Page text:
Stay tuned! There is more exciting news still to come this week.
I’m working through code changes required to transition Daggerfall Tools for Unity to Unity 5. The first priority is full compatibility then I can look at taking advantage of new features.
Here is a summary of compatibility tasks I am working on and those which have been completed. I will update this list as I progress and release a Unity 5-compatible Developer Preview of 1.3 when ready. This should be available within a week.
Initial Unity 5 compatibility update is now available on git. I still need to do more work and testing but it should be mostly good to go. Just avoid the new Deferred Shading path for now.
- Fix billboard batch shaders self-shadowing in Deferred Shading path.
- Update Streaming World Demo with effects now available to all users.
- Fix default reference changes.
- Fix white terrain textures.
- Fix MIDI synthesizer not running.
- Fix MIDI synthesizer sample speed.
- Fix sound effects based on audio changes.
- Fix obsolete methods/properties and other warnings.
- Fix DaggerfallActionDoor collider errors.
- Fix PlayerMouseLook exploding/bugging out.
- Update integrated iTween to latest version.
- Fix fog in Deferred Shading path. (N/A. Requires new Global Fog effect). This will be part of new demo scenes in future update.
Unity 5 has been released, and with it comes the new Personal version with all the same core engine features as Professional. This is great news for Daggerfall Tools for Unity! Here’s why.
- Deferred path for everyone. Daggerfall uses many small dynamic point lights, ideally suited for deferred rendering. Up until now Free users were limited to the Forward path, which struggled with Daggerfall’s lighting. As an added bonus the new Deferred Shading path is even sexier than the old Deferred Lighting pre-pass (now called Legacy).
- Render-to-texture. There are many real-time effects that can only be accomplished when rendering direct to a texture. This feature was completely absent in the old Free, which means I couldn’t make use of it in the tools.
- Post processing and advanced water. All of these Pro-only features are now available to everyone, and we can finally make use of them as standard.
- 64-bit editor. The new editor performs substantially faster on city imports and in many other areas.
- Improved physics. As in, hugely improved! Moving static colliders now incurs almost zero cost, which fixes several problems around a floating origin in streaming world.
- Physically Based Shading, real-time shadows on any light, and general sexiness. Now there are even more ways to spice up Daggerfall’s boxy models to look their best.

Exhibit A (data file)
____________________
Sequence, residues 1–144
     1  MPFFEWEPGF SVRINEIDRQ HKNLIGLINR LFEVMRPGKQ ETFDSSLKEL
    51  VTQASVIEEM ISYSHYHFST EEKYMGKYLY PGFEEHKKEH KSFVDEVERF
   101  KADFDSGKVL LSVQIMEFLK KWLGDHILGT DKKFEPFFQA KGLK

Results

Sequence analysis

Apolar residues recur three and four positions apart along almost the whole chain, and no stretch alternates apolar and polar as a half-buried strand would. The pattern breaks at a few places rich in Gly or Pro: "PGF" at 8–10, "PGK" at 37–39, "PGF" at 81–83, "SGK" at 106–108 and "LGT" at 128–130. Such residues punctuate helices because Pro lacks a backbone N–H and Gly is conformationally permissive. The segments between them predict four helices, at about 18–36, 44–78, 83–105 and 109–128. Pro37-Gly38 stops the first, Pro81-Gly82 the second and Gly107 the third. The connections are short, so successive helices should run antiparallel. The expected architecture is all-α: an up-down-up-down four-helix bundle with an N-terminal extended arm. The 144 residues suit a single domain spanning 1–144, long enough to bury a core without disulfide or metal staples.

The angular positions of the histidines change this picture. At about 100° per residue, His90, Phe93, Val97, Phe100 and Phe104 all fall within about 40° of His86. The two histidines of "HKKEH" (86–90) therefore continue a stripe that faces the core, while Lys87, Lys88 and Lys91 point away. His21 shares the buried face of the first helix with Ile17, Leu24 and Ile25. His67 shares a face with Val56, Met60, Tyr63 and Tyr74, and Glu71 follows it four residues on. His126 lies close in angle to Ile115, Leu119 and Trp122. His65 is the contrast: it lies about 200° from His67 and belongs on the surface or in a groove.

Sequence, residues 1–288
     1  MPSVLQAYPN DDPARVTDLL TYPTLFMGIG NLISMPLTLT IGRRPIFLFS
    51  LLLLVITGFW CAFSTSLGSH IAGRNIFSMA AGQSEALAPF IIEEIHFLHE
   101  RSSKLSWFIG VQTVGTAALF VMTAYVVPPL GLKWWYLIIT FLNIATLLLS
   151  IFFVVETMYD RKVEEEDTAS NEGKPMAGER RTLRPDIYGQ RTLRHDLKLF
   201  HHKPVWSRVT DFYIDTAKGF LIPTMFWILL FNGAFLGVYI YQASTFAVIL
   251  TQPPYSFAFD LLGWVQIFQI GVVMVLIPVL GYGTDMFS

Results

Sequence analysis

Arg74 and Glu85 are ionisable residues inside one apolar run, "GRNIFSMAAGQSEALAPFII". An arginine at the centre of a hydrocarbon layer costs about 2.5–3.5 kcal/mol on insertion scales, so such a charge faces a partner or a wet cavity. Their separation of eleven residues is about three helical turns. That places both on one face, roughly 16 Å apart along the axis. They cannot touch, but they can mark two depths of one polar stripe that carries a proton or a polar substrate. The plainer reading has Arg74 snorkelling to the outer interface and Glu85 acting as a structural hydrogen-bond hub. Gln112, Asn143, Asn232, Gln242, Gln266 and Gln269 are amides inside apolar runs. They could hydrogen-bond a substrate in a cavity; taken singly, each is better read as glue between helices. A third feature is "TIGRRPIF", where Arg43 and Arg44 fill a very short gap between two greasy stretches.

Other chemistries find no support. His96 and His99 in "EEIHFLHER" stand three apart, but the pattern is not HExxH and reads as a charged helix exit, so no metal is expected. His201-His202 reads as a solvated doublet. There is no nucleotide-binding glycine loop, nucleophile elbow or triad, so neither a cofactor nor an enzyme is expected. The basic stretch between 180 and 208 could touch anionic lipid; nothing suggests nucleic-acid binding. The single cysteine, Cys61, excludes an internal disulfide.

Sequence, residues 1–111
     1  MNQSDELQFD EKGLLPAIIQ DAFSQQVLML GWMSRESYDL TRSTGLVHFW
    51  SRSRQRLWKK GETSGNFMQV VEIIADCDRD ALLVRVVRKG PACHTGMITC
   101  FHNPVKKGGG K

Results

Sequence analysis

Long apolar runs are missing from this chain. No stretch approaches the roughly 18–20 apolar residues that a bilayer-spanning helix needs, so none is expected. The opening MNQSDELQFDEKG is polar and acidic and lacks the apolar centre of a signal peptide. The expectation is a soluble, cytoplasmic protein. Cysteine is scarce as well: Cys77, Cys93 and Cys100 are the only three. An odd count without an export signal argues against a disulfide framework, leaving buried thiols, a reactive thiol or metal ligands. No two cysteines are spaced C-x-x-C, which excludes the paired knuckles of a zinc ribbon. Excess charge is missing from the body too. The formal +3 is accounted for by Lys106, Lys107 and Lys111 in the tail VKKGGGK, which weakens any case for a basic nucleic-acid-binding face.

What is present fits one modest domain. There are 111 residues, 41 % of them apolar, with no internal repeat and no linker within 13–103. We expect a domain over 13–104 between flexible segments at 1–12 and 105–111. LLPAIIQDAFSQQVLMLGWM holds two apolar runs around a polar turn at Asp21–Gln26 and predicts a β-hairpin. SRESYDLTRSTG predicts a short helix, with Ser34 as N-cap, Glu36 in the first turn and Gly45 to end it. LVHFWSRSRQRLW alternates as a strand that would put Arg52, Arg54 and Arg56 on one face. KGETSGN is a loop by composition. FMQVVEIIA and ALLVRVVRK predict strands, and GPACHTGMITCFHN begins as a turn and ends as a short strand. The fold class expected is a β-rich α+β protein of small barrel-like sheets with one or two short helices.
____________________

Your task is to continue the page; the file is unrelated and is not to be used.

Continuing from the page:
And that’s just the main stuff. There are also improvements to audio system and throughout Unity as a whole.
Considering the number of awesome features now available to all Unity users, I will be shifting Daggerfall Tools for Unity up to 5.0 and dropping a 1.3 Developer Preview as soon as possible.
I had this buried in the 1.2 release post earlier and forgot to post it to the Demos page, which means a few people might have missed out the latest demo code. Reposting just in case!
- Huge streaming world over 60,000 square miles created at runtime.
- Over 15,000 fully explorable locations and dungeons.
- MIDI synthesis and context song manager.
- Full day/night cycle, seasons, and weather effects.
- Enemies in dungeons, including random enemies based on dungeon type.
- Basic combat system.
Streaming World 1.2 Release Demo
- Mouse move to look.
- W, S, A, D to move.
- SHIFT (hold) to run.
- SPACE to jump.
- LEFT-CLICK mouse to open doors, enter dungeons, operate switches, etc.
- ESC to exit game (standalone).
- Z to toggle weapons.
- Right-click and drag mouse to swing weapon.
- R (while outside) for random location, season, time of day, and weather.
- R (while in dungeon) to recall back to dungeon start.
- 1-7 for preset location (keeps current season, weather, etc.).
- P to toggle songs on/off.
- [ to play previous song in context playlist.
- ] to player next song in context playlist.
- – to reduce timescale (0-8 steps).
- = to increase timescale (0-8 steps).
- I to toggle mouse invert on/off.
- H to toggle high speed running on/off.
- L to toggle debug text on/off.
Text, text, text! There’s so much text in Daggerfall – from “Rat just died” all the way up to multi-page books. Before it’s possible to tackle many gameplay elements, something must be done about all this text. All the better if the text engine provides localization features at the same time.